This article has been updated with FDA comments

Aspartame, a low-calorie sweetener that has been in use for decades, has been under question for its safety as WHO reportedly prepares to label it as a possible carcinogen.

According to the safety review conducted by the World Health Organization's cancer research arm, the International Agency for Research on Cancer (IARC), there is some evidence linking aspartame to cancer, Reuters reported.

A substance that causes cancer in humans is called a carcinogen. WHO classifies carcinogens into four levels: carcinogenic, probably carcinogenic, possibly carcinogenic and not classifiable. Aspartame is likely to be classified as possibly carcinogenic, according to reports.

The Joint FAO/WHO Expert Committee on Food Additives (JECFA) also reviewed the product and the findings would be officially declared in July.

"IARC has assessed the potential carcinogenic effect of aspartame (hazard identification). Following this, the joint FAO/WHO expert committee on food additives will update its risk assessment exercise on aspartame, including the reviewing of the acceptable daily intake and dietary exposure assessment for aspartame. The result of both evaluations will be made available together, on 14 July 2023," an IARC spokesperson told the Guardian.

Aspartame is an artificial sweetener that is 200 times as potent as regular granulated sugar. Since it entered the market in 1981, the product has been widely sold under several brand names, including Nutrasweet, Equal and Sugar Twin. It is used in diet fizzy drinks, chewing gum, breakfast cereals and cough drops.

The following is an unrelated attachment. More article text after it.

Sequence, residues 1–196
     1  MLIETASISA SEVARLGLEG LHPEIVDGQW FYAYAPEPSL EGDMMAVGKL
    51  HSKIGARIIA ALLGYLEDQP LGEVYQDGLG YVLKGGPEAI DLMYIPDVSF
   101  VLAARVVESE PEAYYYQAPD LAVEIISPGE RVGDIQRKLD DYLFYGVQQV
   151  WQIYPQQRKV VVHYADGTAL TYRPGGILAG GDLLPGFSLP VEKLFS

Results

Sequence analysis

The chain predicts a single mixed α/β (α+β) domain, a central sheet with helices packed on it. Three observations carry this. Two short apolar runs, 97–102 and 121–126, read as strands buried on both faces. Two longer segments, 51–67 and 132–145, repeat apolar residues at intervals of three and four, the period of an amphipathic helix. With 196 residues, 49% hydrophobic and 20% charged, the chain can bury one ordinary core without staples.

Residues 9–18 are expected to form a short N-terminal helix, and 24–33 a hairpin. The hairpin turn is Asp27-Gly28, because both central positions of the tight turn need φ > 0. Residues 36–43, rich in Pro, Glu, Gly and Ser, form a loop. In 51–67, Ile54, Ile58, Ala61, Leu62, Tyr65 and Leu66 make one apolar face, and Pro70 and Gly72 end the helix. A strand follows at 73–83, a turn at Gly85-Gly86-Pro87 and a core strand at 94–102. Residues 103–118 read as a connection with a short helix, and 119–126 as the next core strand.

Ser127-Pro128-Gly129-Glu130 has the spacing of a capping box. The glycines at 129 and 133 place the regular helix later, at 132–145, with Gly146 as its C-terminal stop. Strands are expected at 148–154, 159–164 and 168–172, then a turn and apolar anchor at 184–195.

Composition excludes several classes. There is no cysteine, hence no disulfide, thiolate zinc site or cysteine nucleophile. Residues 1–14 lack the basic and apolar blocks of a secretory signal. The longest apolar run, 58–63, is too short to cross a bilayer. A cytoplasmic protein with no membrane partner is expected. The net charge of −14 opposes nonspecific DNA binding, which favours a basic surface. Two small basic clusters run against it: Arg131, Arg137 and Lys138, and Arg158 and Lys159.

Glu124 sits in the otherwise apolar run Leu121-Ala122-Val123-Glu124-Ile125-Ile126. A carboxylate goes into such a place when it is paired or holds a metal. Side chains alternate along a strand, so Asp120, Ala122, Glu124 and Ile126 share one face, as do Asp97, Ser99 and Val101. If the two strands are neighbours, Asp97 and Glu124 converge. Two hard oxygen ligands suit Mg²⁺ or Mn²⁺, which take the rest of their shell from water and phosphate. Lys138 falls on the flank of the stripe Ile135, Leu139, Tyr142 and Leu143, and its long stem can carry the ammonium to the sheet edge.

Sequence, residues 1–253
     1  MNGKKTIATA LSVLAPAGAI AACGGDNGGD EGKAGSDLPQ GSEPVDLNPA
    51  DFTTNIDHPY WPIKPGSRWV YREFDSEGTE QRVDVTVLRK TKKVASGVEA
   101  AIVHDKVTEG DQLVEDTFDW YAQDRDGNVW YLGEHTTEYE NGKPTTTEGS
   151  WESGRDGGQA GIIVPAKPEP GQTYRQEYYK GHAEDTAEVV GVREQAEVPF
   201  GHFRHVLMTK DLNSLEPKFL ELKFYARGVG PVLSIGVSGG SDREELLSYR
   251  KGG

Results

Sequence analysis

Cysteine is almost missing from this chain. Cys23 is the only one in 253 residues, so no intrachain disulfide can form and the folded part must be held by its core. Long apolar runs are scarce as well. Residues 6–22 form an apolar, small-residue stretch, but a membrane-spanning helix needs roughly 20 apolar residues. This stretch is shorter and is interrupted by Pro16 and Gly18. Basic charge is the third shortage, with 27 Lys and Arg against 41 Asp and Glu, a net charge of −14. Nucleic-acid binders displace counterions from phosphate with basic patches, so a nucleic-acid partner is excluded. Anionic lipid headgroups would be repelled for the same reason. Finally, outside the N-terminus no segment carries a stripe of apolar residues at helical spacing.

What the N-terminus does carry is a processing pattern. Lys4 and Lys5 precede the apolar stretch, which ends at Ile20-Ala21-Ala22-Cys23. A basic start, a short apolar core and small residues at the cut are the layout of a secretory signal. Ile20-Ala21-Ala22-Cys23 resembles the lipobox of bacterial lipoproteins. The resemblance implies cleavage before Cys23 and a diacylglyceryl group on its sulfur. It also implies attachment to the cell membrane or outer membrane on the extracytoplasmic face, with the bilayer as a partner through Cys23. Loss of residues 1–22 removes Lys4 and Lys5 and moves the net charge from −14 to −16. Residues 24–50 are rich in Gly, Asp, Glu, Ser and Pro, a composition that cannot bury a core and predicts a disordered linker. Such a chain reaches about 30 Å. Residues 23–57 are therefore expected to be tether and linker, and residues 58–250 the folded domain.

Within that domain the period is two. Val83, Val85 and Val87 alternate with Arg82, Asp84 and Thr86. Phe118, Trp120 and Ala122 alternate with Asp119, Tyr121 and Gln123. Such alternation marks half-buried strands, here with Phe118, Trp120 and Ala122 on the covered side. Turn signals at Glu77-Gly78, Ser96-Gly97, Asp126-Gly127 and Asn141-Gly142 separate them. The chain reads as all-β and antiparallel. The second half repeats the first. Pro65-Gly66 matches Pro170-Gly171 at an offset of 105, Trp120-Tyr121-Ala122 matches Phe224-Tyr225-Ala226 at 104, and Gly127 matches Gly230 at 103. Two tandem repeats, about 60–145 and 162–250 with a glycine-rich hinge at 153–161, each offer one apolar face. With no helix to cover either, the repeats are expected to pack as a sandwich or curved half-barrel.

The product gained popularity as a sugar substitute among diabetic patients as several studies showed it did have an impact on blood sugar levels.

Here are some of the products that use aspartame:

  • Diet sodas
  • Sugar-free gums
  • Diet drink mixes
  • Reduced-sugar condiments
  • Sugar-free gelatin
  • Tabletop sweeteners
  • Reduced-sugar and sugar-free snacks and condiments

Although the use of aspartame in moderation was generally considered safe, some studies earlier raised concerns about the possible cancer risk. According to an observational study conducted last year in France among 100,000 adults, people who consumed larger amounts of artificial sweeteners were found to have an increased cancer risk. Studies also have shown that headaches, seizures and depression are also reported with the use of aspartame.

The FDA said in July, after the IARC's ruling was reported, that aspartame being labeled as "possibly carcinogenic to humans" does not mean it is actually linked to cancer.

"The FDA disagrees with IARC's conclusion that these studies support classifying aspartame as a possible carcinogen to humans. FDA scientists reviewed the scientific information included in IARC's review in 2021 when it was first made available and identified significant shortcomings in the studies on which IARC relied. We note that JECFA did not raise safety concerns for aspartame under the current levels of use and did not change the Acceptable Daily Intake (ADI)," the agency said.